What is the number one issue facing the trucking industry today? Is it fuel costs? Increasing government regulations? The ever increasing mechanical and technological complexity of trucks? To be sure all of these are challenges but perhaps the most glaring is driver retention. The American Trucking Association estimates that U.S. trucking firms would need at least 30,000 more drivers immediately to fill open positions and have proper levels of staffing. In an industry where the turnover rate can be as high as 80 percent an enormous amount of resources and energy is spent just attempting to keep a driver in the truck.
The answer to driver retention is a complex one with the largest issue being time spent away from home. More experienced drivers are less willing to be on the road for extended periods of time as they age while younger drivers express an even lower desire for long runs. In an effort to attract and retain drivers the hub and spoke method of distribution has seen a raise in popularity as it greatly reduces the miles traveled before returning home for a driver.
Yesterday both International and Volvo trucks unveiled their latest models designed specifically for the regional haul markets and it’s no surprise that both manufacturers sited driver comfort and drive time as guiding principles behind their new trucks.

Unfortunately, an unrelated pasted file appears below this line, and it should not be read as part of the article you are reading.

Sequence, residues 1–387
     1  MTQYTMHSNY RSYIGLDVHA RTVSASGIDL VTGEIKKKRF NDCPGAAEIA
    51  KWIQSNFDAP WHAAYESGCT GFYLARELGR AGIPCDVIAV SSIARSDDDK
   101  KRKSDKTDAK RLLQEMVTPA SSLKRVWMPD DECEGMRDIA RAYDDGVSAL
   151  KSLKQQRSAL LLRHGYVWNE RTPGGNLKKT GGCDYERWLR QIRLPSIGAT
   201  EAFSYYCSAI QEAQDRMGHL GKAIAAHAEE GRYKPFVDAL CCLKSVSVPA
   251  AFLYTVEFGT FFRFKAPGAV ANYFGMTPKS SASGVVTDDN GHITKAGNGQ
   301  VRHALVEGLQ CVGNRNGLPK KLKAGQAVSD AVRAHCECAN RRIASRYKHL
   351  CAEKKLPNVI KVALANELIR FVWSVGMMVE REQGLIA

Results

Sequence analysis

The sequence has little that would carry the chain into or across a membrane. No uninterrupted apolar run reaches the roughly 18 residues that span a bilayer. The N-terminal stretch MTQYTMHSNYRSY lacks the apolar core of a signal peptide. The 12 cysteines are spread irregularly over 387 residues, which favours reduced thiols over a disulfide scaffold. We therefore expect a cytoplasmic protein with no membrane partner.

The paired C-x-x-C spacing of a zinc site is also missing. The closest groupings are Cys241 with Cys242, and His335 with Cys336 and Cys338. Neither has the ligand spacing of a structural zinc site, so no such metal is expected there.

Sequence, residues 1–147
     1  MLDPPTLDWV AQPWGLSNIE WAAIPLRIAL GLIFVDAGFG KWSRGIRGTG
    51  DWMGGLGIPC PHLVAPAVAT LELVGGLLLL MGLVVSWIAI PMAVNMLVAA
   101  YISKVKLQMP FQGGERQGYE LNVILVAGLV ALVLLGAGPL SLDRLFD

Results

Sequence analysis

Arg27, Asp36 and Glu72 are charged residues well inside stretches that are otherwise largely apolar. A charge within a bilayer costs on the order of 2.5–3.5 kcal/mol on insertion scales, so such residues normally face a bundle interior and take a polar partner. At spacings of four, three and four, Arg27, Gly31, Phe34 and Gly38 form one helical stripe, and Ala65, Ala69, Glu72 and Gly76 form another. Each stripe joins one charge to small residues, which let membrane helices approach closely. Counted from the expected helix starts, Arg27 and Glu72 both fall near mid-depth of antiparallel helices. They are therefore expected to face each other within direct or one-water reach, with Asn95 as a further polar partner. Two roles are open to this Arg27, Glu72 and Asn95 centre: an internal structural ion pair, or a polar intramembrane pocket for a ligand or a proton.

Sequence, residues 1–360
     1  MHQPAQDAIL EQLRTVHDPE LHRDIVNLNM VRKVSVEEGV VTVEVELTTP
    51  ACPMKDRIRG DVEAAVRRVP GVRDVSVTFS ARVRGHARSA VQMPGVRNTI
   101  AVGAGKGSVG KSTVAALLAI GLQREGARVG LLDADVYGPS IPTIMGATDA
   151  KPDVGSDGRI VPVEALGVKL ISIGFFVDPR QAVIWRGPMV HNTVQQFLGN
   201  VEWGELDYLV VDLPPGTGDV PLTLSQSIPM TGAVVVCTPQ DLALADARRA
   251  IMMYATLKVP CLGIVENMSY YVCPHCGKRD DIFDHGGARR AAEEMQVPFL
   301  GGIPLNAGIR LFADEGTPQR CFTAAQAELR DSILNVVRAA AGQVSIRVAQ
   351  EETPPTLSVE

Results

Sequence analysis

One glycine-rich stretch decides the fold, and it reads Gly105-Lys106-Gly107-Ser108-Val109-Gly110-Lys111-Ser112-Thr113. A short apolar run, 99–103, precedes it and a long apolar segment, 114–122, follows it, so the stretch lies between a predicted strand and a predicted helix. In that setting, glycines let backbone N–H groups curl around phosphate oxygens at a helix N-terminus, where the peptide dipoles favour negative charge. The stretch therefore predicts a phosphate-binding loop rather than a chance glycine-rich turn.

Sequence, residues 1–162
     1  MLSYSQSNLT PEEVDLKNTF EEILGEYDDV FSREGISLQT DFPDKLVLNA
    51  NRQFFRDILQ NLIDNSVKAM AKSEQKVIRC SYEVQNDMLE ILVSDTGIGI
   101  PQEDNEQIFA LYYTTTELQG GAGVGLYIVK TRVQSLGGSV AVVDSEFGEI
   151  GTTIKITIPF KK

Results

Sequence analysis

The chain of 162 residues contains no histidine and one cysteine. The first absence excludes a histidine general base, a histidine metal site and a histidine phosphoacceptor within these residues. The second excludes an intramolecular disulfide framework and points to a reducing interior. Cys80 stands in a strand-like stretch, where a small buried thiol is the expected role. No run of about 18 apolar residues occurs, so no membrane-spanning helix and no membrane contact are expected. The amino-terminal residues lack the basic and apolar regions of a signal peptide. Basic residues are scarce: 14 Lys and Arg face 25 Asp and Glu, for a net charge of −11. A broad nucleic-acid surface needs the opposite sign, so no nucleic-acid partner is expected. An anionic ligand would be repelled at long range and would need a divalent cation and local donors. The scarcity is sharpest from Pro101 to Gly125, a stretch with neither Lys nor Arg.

At first glance the new VNR doesn’t look much different from current models but there have been changes. The hood and fenders have been softened a bit with more sweeping curves promising increased fuel economy, up to 3.5% when paired with specific Volvo powertrain options. A wheel cut ratio of 50% speaks to the intended use of these trucks.
On the International side of things you will hear a similar story. A short sloped hood offers increased visibility while increasing aerodynamic efficiency, up to 6% over previous models. Under the hood the new International A26 diesel promises increased power, decreased weight and noise and increased fuel economy. The RH also features a 50% wheel cut, like the Volvo, for the cramped loading docks.
Both trucks feature completely redesigned car like interiors demanded by the drivers of today. With regional haul routes on the rise these could be the dominant form of trucks found on the round in the next five years. While new trucks won’t completely solve the driver crisis they will be a part of the overall puzzle.